The california penal code codifies burglary in PC 459. This section lays out the elements of the crime of burglary as “every person who enters any house, room, apartment... with the intent to commit grand or petit larceny or any felony is guilty of burglary.” Additionally, the statute also includes an exhaustive list of types of buildings, vehicles, and even boats that count as a structure for the purposes of this statute.
Thus, PC 459 lists out the elements that must be proven by the prosecution. PC 459 indicates that the entry of the house must happen while the defendant has the “intent” to commit a felony. Therefore, it is not sufficient that a defendant merely broke into a house or a statutorily equivalent structure. Rather, there must have been intent at the time of entry to commit a felony. Thus, the prosecution has the burden of proving under PC 459 that the defendant entered a structure and that the defendant had the intent to commit a felony at the same time as the entry.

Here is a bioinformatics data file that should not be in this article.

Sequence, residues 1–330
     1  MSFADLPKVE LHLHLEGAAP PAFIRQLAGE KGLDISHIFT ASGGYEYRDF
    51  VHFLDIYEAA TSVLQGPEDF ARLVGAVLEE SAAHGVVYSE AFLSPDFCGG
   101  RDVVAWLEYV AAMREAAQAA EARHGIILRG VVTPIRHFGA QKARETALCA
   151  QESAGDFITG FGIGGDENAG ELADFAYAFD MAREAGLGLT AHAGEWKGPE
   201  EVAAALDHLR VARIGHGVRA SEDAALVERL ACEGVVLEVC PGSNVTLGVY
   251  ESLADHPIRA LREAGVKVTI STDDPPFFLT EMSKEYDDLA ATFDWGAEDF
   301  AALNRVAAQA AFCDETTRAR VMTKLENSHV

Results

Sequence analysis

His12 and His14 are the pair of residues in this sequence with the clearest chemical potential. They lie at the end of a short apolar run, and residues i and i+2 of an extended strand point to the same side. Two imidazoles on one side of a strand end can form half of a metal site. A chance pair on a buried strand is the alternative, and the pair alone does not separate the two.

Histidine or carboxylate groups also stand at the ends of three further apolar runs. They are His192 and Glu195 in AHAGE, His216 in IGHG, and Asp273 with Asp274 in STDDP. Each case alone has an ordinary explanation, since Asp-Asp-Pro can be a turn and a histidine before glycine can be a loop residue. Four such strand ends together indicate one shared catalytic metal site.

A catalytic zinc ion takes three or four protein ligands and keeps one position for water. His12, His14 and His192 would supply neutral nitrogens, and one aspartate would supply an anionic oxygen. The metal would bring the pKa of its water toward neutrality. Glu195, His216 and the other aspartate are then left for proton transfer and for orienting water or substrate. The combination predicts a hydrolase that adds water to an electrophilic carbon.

Therefore, if an individual’s mental state were impaired at the time of entry - by means of alcohol, drugs, or the like - the defendant may have a strong defense based on a lack of mental intent. Furthermore, if an individual did not intend to commit a felony prior to entry, but only intended to commit a crime after he entered the structure, he will have a strong argument under PC 459 that his conduct did not constitute burglary because his entry was not contemporaneous with his intent to commit a felony.
Additionally, California differentiates degrees of burglary. The distinguishing factor is whether the burglary is committed upon a residence or a non-residence. When a burglary is committed upon a residence, it is classified as burglary in the 1st degree and counts as a strike, while burglary of a non-residence is classified as burglary in the second degree and is not a strike.